For the fourth mission of the “New Frontier” exploration program, Dragonfly, NASA decided to send a 2-meter-long drone to explore Titan, Saturn’s satellite, and the only moon in the Solar System to have an atmosphere. Its mission: to detect traces of life.
Titan is unique in having an abundant, complex, and diverse carbon-rich chemistry on the surface of a water-ice-dominated world with an interior water ocean, making it a high-priority target for astrobiology and origin of life studies. On June 27, 2019, Dragonfly was selected to become the fourth mission in the New Frontiers program.
The New Frontiers program
The New Frontiers program is a series of space exploration missions being conducted by NASA with the purpose of researching several of the Solar System bodies, including the dwarf planet Pluto. NASA is encouraging both domestic and international scientists to submit mission proposals for the program.
New Frontiers was built on the innovative approach used by the Discovery and Explorer Programs of principal investigator-led missions. It is designed for medium-class missions that cannot be accomplished within the cost and time constraints of Discovery, but are not as large as Large Strategic Science Missions (formerly known as Flagship missions or Flagship-class missions, these missions were the costliest and most capable NASA science spacecraft).
There are currently three New Frontiers missions in progress: New Horizons, which was launched in 2006 and reached Pluto in 2015, Juno, which was launched in 2011 and entered Jupiter’s orbit in 2016, and OSIRIS-REx, a NASA asteroid study and sample-return mission launched in September 2016.
Dragonfly, the fourth mission of the “New Frontier” exploration program, is a planned spacecraft and mission that will send a mobile robotic rotorcraft lander to Titan, the largest moon of Saturn, in order to study prebiotic chemistry and extraterrestrial habitability at various locations where it will perform vertical-take-offs and landings.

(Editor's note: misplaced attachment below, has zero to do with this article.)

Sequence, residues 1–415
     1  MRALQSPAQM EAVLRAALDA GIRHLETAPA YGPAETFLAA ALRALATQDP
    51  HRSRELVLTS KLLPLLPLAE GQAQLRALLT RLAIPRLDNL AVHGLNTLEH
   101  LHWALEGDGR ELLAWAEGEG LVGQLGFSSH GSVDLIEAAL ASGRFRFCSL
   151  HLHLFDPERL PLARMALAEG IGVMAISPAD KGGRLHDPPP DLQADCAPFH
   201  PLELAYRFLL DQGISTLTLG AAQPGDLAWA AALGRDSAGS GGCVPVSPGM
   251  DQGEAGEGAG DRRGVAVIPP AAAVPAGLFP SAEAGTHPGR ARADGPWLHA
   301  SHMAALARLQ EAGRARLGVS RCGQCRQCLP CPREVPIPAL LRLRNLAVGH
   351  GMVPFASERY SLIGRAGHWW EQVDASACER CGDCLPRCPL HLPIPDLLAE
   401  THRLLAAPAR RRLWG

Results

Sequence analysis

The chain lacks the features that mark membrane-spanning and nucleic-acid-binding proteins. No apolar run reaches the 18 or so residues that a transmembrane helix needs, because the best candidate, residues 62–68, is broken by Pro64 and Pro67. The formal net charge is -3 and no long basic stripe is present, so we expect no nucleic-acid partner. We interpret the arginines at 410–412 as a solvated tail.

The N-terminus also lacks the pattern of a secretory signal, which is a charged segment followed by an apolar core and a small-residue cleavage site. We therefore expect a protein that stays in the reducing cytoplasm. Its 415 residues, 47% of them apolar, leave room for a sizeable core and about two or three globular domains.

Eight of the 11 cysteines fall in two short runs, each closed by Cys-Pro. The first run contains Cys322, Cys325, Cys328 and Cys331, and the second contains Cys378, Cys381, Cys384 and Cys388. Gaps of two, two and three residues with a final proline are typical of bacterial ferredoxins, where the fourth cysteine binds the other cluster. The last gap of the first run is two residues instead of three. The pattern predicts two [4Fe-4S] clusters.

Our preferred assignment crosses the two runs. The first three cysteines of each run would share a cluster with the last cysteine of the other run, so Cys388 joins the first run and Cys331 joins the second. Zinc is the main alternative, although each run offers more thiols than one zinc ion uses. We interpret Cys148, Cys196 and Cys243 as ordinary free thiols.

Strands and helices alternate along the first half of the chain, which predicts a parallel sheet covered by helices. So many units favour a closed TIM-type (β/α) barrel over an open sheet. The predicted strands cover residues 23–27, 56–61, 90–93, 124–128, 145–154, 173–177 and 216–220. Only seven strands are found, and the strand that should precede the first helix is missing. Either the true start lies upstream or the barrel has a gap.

Dragonfly, a drone soon on Titan
The mission should be launched in 2026 to arrive at its destination eight years later on Titan, the largest moon of Saturn, in 2034. But unlike the missions sent to Mars, it will not be a rover which will explore the satellite, but a drone. Once there, the drone Dragonfly mission will detach from the capsule parachuted in the atmosphere of Titan, activate its eight rotors, and begin an exploration mission planned to last two and a half years.
Due to an atmosphere four times denser and seven times lower than the Earth’s, the American space agency has indeed preferred this new means of exploration for the fourth mission of the “New Frontier” exploration program. The octocopter drone will have to travel more than one hundred and seventy-five kilometres on the surface of the satellite, a distance greater than twice that travelled by the entirety of the rovers deployed on Mars.
The drone, with a wingspan of more than two meters and equipped with eight propellers, will be powered by a radioisotope thermoelectric generator, just like the Martian Curiosity rover. It will embark on board four measuring instruments. Dragonfly is an astrobiology mission to Titan to assess its microbial habitability and study its prebiotic chemistry at various locations. Dragonfly will perform controlled flights and vertical take-offs and landings between locations, while powered by a radioisotope thermoelectric generator.